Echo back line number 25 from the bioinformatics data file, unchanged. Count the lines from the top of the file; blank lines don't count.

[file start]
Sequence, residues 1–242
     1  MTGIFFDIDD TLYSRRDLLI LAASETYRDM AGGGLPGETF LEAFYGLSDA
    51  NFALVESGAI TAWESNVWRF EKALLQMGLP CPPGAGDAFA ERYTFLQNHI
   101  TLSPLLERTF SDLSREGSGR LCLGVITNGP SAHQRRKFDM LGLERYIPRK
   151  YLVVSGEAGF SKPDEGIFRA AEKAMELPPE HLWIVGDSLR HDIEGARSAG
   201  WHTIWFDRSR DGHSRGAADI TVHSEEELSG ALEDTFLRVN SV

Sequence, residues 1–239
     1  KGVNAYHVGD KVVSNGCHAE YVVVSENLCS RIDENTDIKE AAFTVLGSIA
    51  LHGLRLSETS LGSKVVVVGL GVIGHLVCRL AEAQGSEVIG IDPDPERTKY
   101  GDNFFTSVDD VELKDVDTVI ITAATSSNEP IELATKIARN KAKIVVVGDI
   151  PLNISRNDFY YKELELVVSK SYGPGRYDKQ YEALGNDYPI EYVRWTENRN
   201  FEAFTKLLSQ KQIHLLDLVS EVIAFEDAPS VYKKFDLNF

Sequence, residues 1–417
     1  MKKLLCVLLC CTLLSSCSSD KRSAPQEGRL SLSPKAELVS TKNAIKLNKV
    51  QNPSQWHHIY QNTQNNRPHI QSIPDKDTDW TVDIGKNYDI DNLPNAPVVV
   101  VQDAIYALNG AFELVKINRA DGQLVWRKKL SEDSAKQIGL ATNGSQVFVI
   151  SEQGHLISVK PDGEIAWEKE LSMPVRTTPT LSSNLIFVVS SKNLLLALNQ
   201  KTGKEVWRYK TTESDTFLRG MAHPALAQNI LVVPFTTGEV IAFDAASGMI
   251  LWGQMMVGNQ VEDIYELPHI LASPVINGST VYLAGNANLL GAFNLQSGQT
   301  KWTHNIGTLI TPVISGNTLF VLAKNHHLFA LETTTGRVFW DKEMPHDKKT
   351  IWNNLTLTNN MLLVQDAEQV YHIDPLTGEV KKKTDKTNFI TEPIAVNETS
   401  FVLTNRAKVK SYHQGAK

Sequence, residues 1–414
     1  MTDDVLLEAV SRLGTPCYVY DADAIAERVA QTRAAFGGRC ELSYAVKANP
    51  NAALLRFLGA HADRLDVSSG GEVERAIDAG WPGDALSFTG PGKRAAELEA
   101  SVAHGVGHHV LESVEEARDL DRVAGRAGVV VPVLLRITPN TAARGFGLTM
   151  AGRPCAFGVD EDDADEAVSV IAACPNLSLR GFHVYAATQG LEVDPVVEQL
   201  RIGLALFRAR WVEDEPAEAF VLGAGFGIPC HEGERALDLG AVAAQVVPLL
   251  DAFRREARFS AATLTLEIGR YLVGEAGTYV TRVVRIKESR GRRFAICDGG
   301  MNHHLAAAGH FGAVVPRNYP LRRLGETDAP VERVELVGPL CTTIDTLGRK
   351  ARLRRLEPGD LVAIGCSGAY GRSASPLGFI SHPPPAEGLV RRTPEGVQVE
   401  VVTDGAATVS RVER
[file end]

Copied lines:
    51  NAALLRFLGA HADRLDVSSG GEVERAIDAG WPGDALSFTG PGKRAAELEA